Organizations have traditionally treated data as a legal or compliance requirement, supporting limited management reporting requirements. Consequently organizations have treated data as a cost to be minimized. The financial valuation of data technology companies has been based upon those perceptions and relationships. The below chart from Gartner summarizes the business model transformation challenge (see Figure 4):
Data technology companies tend to sell to the part of the organization where data is a cost to be minimized and the sales processes focuses on negotiating with Procurement on price, margin, terms and conditions, instead of engaging with the part of the organization where data is a corporate asset to be exploited for business value, and discussions focus on time-to-value and de-risking projects.
It would seem that anything that the data technology companies could do to increase the perceived and actual value of data to its customers and the market could dramatically increase their financial valuation. This includes leveraging data to deliver business outcomes such as:
This would require a business transformation for technology companies in order to focus more on delivering business outcomes and less on selling technology piece parts with “some assembly required.”
Data Industry Call to Action
There is much that we can learn from other organizations that have transformational business models. Companies such as Netflix, Amazon, Uber and GE have created business models by focusing on the Customer Journey; by meeting customers “where they are and taking them where they need to be” and focusing on delivering business outcomes (or decisions in data science vernacular), not just technology piece parts.
But this needs to be done at scale; something a data technology company is uniquely qualified for, with the ability to create pre-engineered solutions and “collaborative value creation” platforms that couple hardware, software, and consulting to support the customer journey.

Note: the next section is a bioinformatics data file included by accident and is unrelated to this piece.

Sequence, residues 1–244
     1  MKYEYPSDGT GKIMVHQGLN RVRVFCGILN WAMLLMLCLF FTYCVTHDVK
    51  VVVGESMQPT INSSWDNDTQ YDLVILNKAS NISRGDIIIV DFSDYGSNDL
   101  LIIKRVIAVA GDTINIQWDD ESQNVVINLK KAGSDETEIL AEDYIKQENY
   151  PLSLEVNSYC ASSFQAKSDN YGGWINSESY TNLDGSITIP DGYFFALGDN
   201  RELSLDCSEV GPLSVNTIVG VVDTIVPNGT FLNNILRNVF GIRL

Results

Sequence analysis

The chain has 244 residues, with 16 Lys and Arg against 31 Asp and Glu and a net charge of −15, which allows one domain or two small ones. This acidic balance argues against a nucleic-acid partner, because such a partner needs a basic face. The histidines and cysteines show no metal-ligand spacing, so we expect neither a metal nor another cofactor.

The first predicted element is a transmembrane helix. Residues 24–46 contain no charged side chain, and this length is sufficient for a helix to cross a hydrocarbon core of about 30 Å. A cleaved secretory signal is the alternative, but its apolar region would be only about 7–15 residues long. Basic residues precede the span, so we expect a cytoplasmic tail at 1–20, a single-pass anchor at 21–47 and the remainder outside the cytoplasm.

Data technology companies can be the pioneers in transforming their business models; however, they will not drive business model transformation by selling data as a commodity like tap water. Instead, data technology companies can exploit product development, sales, marketing and consulting to focus on delivering customer business outcomes at scale; helping customers to leverage and monetize their data assets to optimize key business processes, reduce security and compliance risks, uncover new monetization opportunities and drive a more compelling customer engagement.
 Here is some background reading for more details on this topic:
Plus, I am currently working on a research paper with the University of San Francisco titled “Applying Economic Concepts To Big Data To Determine The Financial Value Of The Organization’s Data And Analytics, And Understanding The Ramifications On The Organizations’ Financial Statements And IT Operations And Business Strategies” where we will put forth a framework and supporting processes to help organizations to determine (estimate) the economic value from their data.
The post Business Model Transformation and What it Means to the Data Industry appeared first on InFocus Blog | Dell EMC Services.
Latest Cloud Developer Stories
Subscribe to the World's Most Powerful Newsletters
Subscribe to Our Rss Feeds & Get Your SYS-CON News Live!
SYS-CON Featured Whitepapers
Most Read This Week